Not all financial advisors are created equally. While some are perfectly content to buy stocks for their clients and help them fund retirement accounts, others want to go deeper and form a stronger relationship with those they advise. If you’re an advice-based planner and a frequent reader of my blogs, I’m going to bet that you fit into the latter category. If you want to take your relationship with your clients a step further and become a true counselor, here are a few pieces of advice that will help.

Establish a Policy of Transparency and Vulnerability

It’s impossible to effectively counsel your clients if they aren’t being honest and open with you. However, to encourage this, you first have to show that you’re also willing to be vulnerable and transparent. Many advisors equate being vulnerable with being weak, which is why they avoid it. However, being vulnerable is actually a sign of strength and your clients will respond by also sharing more with you. When you establish this mutual trust, it’s much easier to get to the root of problems and to effectively counsel your clients.

Focus on Being Interested

How often do you try to be more interesting to your clients by demonstrating how smart you are and how much financial knowledge you possess? When you do this, you take the focus off where it should be: on your client. When you instead concentrate on being more interested in them, you can learn valuable information about their personalities and how they react to certain situations. As a bonus, the more interested you are in them, the more interesting you will become.

Talk About Subjects Other Than Finances

To be a true mentor to your clients, you have to expand your horizons and what you discuss in your meetings. Should you talk about retirement goals, where to invest, and spending habits? Yes, absolutely. But you should also talk about their childhoods and how this affects their current behaviors, their hobbies, and other areas of their lives that will help you get to know them better and be a more effective counselor. When you open the door to new subjects, your clients will likely respond with enthusiasm and your relationship will deepen.

Don’t Be Tempted to Take on Too Much Responsibility

Becoming a counselor to your clients does not mean that you take on all the responsibility of their decisions. Over-responsibility is not a sign that you care about your clients—it’s a lack of trust in them and their abilities to run their own lives successfully. There’s a fine line mentors walk between helping and overstepping their boundaries. Remember that your job is to listen and offer advice—whether or not your clients decide to take that advice is their responsibility. When you trust your clients to make their own decisions, you not only avoid getting overly involved in their lives, but you also show them the respect they want and deserve.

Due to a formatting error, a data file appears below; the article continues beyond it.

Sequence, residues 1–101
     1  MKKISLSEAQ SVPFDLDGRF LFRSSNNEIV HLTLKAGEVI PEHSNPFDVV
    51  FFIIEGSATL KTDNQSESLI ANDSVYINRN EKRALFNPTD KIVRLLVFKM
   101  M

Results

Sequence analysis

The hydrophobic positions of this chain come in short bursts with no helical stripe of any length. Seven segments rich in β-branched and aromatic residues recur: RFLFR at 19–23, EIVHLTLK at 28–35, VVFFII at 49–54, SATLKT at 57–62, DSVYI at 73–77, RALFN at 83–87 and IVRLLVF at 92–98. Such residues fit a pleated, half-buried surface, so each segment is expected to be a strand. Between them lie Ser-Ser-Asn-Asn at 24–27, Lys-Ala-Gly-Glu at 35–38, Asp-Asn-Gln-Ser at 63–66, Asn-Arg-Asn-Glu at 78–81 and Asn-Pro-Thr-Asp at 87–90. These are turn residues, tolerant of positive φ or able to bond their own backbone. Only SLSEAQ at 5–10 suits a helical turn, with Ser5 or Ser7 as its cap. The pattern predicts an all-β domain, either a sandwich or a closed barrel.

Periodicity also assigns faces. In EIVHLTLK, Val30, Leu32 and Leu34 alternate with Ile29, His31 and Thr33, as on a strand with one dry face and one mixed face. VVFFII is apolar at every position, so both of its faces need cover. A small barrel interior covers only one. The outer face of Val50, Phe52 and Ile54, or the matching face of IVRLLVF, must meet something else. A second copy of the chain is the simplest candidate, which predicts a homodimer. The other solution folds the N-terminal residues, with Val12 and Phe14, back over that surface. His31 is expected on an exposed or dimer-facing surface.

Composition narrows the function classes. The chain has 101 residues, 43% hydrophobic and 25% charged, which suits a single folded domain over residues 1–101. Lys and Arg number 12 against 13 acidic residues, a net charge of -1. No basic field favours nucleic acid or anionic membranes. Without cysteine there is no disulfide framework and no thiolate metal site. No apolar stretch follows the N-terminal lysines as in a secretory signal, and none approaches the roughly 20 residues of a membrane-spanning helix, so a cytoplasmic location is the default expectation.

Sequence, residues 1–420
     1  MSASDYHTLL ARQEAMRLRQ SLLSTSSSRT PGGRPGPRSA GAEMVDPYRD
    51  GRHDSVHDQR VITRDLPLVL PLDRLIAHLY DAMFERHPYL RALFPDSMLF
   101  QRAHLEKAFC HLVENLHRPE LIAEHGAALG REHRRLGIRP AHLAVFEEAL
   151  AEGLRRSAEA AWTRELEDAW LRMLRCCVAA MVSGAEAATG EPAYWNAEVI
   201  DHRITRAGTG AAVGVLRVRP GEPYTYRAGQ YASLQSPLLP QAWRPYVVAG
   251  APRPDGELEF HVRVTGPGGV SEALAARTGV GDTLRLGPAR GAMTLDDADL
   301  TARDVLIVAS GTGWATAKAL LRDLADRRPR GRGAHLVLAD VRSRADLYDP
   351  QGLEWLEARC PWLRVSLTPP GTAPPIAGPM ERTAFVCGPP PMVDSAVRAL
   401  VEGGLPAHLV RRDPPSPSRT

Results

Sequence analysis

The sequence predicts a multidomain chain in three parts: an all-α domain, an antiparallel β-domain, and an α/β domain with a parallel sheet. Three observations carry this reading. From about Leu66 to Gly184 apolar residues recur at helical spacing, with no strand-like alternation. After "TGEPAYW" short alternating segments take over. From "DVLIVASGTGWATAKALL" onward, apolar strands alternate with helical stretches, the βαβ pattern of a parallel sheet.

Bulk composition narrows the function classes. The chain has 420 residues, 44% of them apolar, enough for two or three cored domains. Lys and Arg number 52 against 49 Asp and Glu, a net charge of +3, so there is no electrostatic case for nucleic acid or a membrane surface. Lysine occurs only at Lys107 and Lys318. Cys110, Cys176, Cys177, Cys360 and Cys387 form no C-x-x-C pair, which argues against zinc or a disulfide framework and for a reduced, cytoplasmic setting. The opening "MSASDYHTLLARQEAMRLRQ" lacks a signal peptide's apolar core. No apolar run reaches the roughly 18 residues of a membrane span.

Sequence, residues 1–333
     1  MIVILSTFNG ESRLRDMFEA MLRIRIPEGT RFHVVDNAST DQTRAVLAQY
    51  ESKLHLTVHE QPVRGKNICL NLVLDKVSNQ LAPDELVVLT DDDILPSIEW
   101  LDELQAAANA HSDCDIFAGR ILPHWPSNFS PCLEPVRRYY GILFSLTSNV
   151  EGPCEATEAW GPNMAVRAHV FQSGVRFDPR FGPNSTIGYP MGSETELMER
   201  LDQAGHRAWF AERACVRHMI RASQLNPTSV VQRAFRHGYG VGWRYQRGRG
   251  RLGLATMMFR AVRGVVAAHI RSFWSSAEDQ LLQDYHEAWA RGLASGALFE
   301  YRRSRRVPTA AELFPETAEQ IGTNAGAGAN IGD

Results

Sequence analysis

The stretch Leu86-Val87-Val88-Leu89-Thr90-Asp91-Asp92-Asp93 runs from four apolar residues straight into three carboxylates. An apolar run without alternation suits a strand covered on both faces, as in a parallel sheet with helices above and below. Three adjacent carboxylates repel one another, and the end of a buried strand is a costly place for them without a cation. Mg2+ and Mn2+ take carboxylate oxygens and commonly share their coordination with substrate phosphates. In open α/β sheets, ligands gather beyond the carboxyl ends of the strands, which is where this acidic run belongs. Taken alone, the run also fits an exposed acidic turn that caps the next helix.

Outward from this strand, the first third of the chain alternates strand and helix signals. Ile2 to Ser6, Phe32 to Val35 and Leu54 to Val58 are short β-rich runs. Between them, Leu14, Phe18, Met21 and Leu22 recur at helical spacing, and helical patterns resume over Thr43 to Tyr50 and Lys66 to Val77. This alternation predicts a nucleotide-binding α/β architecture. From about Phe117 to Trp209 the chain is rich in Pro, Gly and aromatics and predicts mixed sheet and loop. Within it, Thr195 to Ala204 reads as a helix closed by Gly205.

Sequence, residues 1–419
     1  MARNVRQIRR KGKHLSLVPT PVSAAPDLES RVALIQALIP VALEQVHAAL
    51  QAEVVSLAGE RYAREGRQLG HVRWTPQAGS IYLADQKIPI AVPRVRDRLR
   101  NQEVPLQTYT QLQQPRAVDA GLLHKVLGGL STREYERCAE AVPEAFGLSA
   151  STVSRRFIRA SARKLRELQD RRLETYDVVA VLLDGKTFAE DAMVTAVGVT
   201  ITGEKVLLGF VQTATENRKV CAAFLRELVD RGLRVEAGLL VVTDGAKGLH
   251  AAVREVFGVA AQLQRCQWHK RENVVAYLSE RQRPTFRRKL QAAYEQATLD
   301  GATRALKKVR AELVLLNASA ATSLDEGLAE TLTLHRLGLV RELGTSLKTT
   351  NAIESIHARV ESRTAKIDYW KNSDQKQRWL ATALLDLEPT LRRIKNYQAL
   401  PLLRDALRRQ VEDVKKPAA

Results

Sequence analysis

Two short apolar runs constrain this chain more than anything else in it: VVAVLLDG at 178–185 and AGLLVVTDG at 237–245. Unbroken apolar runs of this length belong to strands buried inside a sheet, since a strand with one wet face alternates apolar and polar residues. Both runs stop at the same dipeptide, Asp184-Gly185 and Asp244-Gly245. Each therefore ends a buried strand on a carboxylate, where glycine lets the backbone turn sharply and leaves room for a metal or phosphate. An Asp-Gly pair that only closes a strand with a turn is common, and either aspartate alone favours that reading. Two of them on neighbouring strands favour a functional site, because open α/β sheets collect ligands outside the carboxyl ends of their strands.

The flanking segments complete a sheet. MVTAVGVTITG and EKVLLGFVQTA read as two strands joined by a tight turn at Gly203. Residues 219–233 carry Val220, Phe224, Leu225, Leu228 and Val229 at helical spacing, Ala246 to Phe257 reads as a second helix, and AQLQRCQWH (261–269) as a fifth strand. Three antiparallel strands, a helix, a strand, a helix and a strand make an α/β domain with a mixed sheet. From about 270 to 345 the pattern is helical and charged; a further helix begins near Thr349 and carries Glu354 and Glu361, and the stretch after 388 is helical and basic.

As an independent financial advisor and true fiduciary, your relationship with your clients should be about more than just their finances. If you want to be a counselor to your clients, try to incorporate the above strategies into your practice and see how it affects your success. Want to talk more about being a mentor to your clients? Get in touch with me so we can visit more.

When you become a mentor to your clients, deeply understand them, and guide them toward a better future, then you’ve learned the ways of a financial caregiver. You’ve come to know what it means to be a true purveyor of advice, and how to use money as a conduit to a more fulfilling life for yourself and those you serve.

Patrick Tucker, owner of True Measure Wealth Management and founder of True Measure Financial Advisors, has over 20 years experience in the industry and has spent the last 15 years learning the ins and outs of the fee-only advisory business. He’s spent over $500,000 finding mentors, studying consulting businesses, taking courses, studying the soft sciences, running trial and error experiments, and learning how to be an entrepreneurial financial advisor. He’s simplified this into an easy to use blueprint for anyone who is entrepreneurial-minded and is tired of the sales culture. Patrick has been able to acquire over $158 million under management with little to no money spent on marketing.